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I'm been having a field day with Russkie-takes-Nets on The Baseline, wandering into Red Dawn territory, and saying that Stern's being bum rushed by the devil he danced with. I have also spent twenty minutes trying to find just the right clip from Deep Blue Sea, preferably the one with the underwear and shark electrocution.

But while America crumbles and the NBA must make a hard choice between its dreams and the nightmare they've become, Tom Ziller has confirmed that LeBron James is "so headed to the Nets." He'd have to do a year in Jersey and then, a New York franchise with absolutely no cash flow problem. Ever. Plus, with Harris, Lee, and Lopez, there's a nucleus on par with anything's Bron's ever had in Cleveland. Most importantly, though, there's absolutely no underestimating what a marketing this team will be. LeBron + Yi + Jay + some guy whose last name is Lopez + international ownership that shows no mercy? All other franchises should resign and quit.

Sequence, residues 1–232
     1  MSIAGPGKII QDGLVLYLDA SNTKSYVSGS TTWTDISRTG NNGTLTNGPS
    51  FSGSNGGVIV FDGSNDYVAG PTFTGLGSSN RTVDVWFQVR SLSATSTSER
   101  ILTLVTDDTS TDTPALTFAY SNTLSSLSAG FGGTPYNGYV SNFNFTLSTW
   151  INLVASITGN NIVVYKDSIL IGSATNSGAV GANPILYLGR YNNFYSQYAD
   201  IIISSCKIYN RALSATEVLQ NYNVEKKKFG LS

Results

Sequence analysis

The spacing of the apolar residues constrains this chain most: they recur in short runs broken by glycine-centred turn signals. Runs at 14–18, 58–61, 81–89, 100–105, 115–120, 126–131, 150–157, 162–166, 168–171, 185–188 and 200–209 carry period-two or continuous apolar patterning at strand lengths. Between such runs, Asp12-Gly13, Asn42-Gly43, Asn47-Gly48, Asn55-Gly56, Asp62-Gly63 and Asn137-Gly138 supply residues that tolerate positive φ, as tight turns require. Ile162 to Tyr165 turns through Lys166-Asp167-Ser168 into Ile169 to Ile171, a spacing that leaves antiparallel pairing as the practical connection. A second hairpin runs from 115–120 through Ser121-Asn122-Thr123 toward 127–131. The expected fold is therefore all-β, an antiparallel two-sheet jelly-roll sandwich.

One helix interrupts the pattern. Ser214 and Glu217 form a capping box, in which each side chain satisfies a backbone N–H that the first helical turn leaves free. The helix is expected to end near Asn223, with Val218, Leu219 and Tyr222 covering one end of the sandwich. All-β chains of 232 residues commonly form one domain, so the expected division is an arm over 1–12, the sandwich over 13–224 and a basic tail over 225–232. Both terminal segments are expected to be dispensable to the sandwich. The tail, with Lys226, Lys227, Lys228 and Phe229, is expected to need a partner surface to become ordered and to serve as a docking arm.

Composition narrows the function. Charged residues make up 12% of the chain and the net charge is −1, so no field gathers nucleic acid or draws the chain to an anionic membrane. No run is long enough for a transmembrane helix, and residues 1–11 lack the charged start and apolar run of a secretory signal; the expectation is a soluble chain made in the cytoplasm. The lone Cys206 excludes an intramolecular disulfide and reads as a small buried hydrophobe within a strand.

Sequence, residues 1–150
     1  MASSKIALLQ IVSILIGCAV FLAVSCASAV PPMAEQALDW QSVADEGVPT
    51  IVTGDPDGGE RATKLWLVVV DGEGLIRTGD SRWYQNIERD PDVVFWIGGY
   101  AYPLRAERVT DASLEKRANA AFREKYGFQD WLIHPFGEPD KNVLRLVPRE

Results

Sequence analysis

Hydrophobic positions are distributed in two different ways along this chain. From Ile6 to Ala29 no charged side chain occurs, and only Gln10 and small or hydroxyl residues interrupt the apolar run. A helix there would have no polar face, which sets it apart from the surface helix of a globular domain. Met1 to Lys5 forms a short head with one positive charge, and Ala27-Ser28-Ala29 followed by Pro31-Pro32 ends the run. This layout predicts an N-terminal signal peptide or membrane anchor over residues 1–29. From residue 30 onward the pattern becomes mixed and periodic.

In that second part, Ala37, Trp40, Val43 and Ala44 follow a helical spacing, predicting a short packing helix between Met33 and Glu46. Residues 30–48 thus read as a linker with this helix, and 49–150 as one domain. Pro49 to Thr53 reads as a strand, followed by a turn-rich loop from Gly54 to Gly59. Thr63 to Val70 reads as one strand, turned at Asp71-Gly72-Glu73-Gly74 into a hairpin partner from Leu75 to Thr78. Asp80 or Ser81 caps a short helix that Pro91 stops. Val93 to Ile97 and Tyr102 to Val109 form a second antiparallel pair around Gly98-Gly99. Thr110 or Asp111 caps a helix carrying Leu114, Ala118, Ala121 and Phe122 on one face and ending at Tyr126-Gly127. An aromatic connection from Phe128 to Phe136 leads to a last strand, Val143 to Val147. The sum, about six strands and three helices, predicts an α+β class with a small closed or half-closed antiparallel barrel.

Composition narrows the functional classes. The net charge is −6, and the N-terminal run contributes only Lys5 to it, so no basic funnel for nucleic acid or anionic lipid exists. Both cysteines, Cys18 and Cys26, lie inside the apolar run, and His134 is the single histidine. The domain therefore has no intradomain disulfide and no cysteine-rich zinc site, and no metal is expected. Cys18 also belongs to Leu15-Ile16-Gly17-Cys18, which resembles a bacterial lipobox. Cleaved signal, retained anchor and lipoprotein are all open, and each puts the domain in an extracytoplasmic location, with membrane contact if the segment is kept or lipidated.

Maybe it's not so clear how this translates into absolute dominance on these shores. Remember, though, that's only a small fraction of the world's population. And they like LeBron. The rest of the world, well, they're pretty much covered, and there's no way what's-his-face is seeing this as anything other than a global market investment. Like soccer or some shit. Perfect storm or way of the future, where eventually the NBA plays for nearly-empty USA arenas (peppered with kids who love the game and were last seen in the KG/Marbury "fun police" ad), while billions come in from overseas.

Note to self: File restraining order against that new Bruce Willis movie.